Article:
Business leaders in Illinois are calling for increased funding for early education. State leaders advise that doing so has the potential for significantly increasing job opportunities in the math and science fields if schools can develop the workforce necessary to support these industries.
“Today’s rocket scientists started as yesterday’s inquisitive toddlers, playing with ‘Star Wars’ toys and using their imagination,” explains Rudy Valdez, who is the vice president of Rockford economic development organization South West Ideas for Today and Tomorrow. Also a former executive at UTC Aerospace Systems, Valdez continues, “We need to encourage those young imaginations and stoke their developing creativity further. We need to ensure more kids have access to early science and math programs, even before they hit kindergarten.”
In addition, Tom Fitch—the vice president of a Springfield constructive company—comments that the way to fix this issue is, simply, through improving early education. He says, “To me, that’s cost-effective investment of our tax dollars because it’s something that can be fixed at that point in time.”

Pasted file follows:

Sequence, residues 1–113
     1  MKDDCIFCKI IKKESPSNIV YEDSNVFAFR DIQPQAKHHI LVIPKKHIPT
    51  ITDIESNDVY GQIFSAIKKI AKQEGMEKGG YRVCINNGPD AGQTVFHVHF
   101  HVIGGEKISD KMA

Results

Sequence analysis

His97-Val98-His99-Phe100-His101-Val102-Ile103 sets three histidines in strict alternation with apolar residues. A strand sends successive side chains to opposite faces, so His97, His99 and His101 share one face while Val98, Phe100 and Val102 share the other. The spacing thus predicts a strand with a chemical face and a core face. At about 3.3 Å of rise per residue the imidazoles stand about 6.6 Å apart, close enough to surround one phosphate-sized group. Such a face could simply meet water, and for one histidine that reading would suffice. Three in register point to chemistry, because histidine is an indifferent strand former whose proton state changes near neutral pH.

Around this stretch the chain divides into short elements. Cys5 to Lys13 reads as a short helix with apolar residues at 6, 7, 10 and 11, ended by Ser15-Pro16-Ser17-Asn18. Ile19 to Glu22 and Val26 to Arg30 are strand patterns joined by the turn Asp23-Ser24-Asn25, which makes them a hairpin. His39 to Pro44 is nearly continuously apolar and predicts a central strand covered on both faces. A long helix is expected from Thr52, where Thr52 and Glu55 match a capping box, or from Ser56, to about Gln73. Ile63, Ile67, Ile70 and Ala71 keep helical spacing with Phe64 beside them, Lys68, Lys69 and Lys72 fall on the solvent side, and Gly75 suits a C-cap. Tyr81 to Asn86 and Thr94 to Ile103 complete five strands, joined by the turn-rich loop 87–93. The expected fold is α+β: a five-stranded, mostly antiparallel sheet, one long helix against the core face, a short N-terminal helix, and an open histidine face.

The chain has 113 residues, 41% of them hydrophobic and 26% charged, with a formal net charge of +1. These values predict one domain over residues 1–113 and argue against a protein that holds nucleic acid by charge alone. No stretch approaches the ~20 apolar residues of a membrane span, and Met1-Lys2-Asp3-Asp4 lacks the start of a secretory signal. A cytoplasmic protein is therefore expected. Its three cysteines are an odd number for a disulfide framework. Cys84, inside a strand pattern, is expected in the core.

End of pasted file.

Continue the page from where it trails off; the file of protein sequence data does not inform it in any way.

Similarly, Renew Moline CEO and president Janet Mathis advises that it is never too early to begin educating children in these highly important subject areas. She warns, in fact, that kids who fall behind may have an extremely difficult time trying to catch up.
“Even in their first years of life, kids can get a very important grounding in such hard skills as math and science, skills they can build on throughout their lives, but they need help and educational stimulation to get there,” Mathis cautions. “That’s where high-quality preschool and similar programs come in.”
Renew Moline is an economic development corporation located in the Quad Cities.
With all this in mind, Illinois Gov. Bruce Rauner’s has proposed to spend another $75 million over the next year specifically on early childhood education. This would bring the state’s total early education funding to $394 million. Of course, while Rauner has called for an increase on all levels of education, but Democrats—particularly those in the Senate—continue to be wary of investing more and more money in education under the current formula. They say that the current strategy always fails to distribute enough money directly to those districts who need them.